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By July 9, 2013 2 Comments

Sometimes when I am not sure what to post here on The Twelve when my turn comes around every two weeks, I troll some online news websites to see what sparks my interest or if I can jog loose from my middle-aged mind an idea I’d had some days before but had forgotten about.   On this first full week of July and flush as we Americans are from our recent celebration of the nation’s 237th birthday, the news just now is–or feels–bleaker than usual.

Just now I read more about an airline crash in San Francisco that mercifully spared most every life on board and also I read a story about a horrible train derailment near a Quebec town whose crude oil-induced fireball almost certainly took more lives than even the plane crash.  Then there’s Egypt where the turmoil roils on with a mounting death toll in the wake of the military coup that so far no one is sure really is a coup (one person’s coup is another’s democracy course correction).  The George Zimmerman trial in Florida is giving the cable news talking heads more to talk about than they can handle when they’re not covering some of these other horrors.   Meanwhile in news not on CNN, two respected colleagues at my alma mater died in rapid succession in the past 10 days even as a ministerial colleague, now retired, has disappeared and may or may not be found again as I write this.  Apparently he’s been struggling emotionally and the news stories said he is considered a danger to himself.

I’ll tell ya . . . some days the news internationally, nationally, and on Facebook seems to jab and jab at your face the way Mohammed Ali used to go after opponents once he got them cornered in the boxing ring.  But why note this here?   It’s unfortunately not news that the news is typically grim.   What’s the line from The Beatles’s song “A Day in the Life”: “I read the news today, oh boy.”   The ostensible lazy, hazy, crazy days of summer offer no respite from sadness and it’s at times like this when a small cascade of such things washes over one’s soul that the need for the Good News is revealed afresh.

That’s why I was encouraged in the midst of this sultry Michigan afternoon in July to peruse another item in my denomination’s periodical “The Banner.”   Pictured across four or five pages are this year’s synodically declared “Candidates for Ministry” in the Christian Reformed Church.   I know pretty much each and every one quite well from various classes at Calvin Seminary and above all through the Capstone Integrative Seminar that I teach for all graduating seniors every Spring Semester now.  As I peruse their faces, I can hear their voices and their laughs even as I recall many classroom interactions, including in preaching classes the last three years.

All of us who have ever graduated from a seminary know that preaching abilities across any given class vary but if there is one thing I know to be true of every student I looked at earlier today in those candidacy photos it is this: each one is committed to preaching the Gospel of Jesus Christ.  Each one knows the importance of what people like my colleague John Rottman and I tried to drill into them these past years and that is that every sermon needs hope and grace.  No matter the specific text (Ruth 3, Psalm 121, Mark 6, Philippians 2) for a sermon to be a sermon in the broad tradition of the Christian Church it needs to loop back to the fact that God was in Christ reconciling the world to himself.  There’s only one reason to mount a pulpit or stand behind a music stand with the intention of delivering a sermon and that is because God really was in Christ.  He really did sacrifice himself to save this bloody and battered world–this very world whose news bloodies and batters our hearts some days, too.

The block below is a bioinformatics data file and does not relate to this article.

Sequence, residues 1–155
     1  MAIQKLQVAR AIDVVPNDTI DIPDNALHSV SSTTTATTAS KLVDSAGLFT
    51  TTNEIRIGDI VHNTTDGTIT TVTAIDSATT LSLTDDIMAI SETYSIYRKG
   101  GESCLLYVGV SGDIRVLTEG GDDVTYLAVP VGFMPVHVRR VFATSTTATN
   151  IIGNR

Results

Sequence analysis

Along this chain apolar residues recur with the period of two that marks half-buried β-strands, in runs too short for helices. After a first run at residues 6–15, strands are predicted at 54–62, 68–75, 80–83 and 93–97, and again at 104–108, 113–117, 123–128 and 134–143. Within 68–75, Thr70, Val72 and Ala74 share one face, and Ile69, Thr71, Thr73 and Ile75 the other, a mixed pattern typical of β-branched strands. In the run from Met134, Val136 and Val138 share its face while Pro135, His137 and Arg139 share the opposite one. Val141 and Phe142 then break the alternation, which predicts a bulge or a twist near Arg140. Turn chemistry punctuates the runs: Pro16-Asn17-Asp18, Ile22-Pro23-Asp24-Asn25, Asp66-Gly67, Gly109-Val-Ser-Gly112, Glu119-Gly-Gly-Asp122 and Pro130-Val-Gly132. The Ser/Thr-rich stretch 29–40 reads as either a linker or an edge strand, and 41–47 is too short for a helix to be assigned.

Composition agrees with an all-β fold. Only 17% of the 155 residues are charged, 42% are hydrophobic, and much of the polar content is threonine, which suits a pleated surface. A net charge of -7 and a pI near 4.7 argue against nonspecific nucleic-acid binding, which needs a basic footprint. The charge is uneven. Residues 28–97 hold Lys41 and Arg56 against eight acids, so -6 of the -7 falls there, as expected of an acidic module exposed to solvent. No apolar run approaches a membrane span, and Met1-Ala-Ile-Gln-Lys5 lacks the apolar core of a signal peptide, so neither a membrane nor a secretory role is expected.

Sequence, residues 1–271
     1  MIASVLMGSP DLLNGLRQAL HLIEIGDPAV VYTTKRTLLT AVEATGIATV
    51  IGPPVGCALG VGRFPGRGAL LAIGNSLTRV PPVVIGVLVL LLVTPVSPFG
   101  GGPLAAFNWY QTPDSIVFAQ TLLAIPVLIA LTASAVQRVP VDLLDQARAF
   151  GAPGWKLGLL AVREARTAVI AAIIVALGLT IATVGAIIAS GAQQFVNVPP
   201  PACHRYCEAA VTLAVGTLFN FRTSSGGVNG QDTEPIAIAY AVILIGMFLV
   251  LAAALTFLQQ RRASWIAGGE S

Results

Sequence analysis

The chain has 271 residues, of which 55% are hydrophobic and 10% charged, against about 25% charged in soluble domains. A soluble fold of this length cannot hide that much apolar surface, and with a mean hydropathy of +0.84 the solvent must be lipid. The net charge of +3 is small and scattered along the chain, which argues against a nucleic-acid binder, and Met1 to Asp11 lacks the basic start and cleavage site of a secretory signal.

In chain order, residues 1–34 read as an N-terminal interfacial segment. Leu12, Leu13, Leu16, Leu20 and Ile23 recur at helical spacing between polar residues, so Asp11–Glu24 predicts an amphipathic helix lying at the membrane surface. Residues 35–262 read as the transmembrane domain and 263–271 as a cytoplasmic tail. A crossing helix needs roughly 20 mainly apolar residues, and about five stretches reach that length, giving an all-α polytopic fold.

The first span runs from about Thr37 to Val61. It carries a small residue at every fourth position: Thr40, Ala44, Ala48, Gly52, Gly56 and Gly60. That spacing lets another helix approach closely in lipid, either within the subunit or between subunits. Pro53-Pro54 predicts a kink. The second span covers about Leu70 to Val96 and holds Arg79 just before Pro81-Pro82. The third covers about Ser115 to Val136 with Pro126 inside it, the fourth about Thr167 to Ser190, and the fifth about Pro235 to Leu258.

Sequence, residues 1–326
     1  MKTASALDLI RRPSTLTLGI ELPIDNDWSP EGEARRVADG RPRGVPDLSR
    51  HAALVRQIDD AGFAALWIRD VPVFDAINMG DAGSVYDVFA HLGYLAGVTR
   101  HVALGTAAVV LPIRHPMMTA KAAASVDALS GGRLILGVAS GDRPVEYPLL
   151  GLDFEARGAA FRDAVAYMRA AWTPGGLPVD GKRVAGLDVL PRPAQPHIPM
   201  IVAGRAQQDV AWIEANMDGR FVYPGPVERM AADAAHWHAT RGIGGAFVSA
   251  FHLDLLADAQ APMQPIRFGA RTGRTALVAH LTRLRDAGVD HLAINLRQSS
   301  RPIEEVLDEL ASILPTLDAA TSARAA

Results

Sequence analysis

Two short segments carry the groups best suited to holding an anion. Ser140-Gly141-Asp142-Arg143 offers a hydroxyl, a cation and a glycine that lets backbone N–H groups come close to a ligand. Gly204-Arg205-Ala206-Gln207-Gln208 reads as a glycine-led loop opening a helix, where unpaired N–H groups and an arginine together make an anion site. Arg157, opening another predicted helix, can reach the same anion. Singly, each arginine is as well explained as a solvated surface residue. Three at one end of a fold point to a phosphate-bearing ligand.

So I eke out hope in the midst of the surrounding sadness.  I hope that each student whose picture I perused will find fulfillment in ministry and I hope that a big part of that fulfillment stems from having the sense that he or she heralds Good News every week.  I mean, somebody’s got to do it!   And these students will.  In that there is hope.

As Andy writes to Red in The Shawshank Redemption, hope is a good thing.  Maybe the best of things.  And Gospel Hope is the best of the best of things.

I read the Good News today.  Oh boy!


Scott Hoezee

Scott Hoezee is Director of the Center for Excellence in Preaching at Calvin Theological Seminary.


  • Daniel Meeter says:

    Scott, I know what you mean. Every year when I encounter the six or seven new RCA seminarians at NBTS, who to a person are pledging their lives to the Gospel, the full Gospel, the deep Gospel, anticipating no reward back from the world and little reward back from the church, I am always grateful and hopeful, and sometimes moved. Most of them are second career people, and they are making great sacrifices, financially and socially, to enter a profession that will cost them many more sacrifices. Burning through savings, selling their houses, depleting their IRAs, just to be able to do the full course at a seminary in order then to give their lives to preach and teach the Gospel of the cross and resurrection. How can you not be hopeful? Always inspires me.

  • Debra Rienstra says:

    Stay strong, Scott, and keep teaching the preachers! I know of two fantastic young women who will show up at your seminary this fall. The Lord continues to call out from among us talented and committed pastors. Sometimes I get all snarly about the future of the church, but I shouldn't. God's got it.

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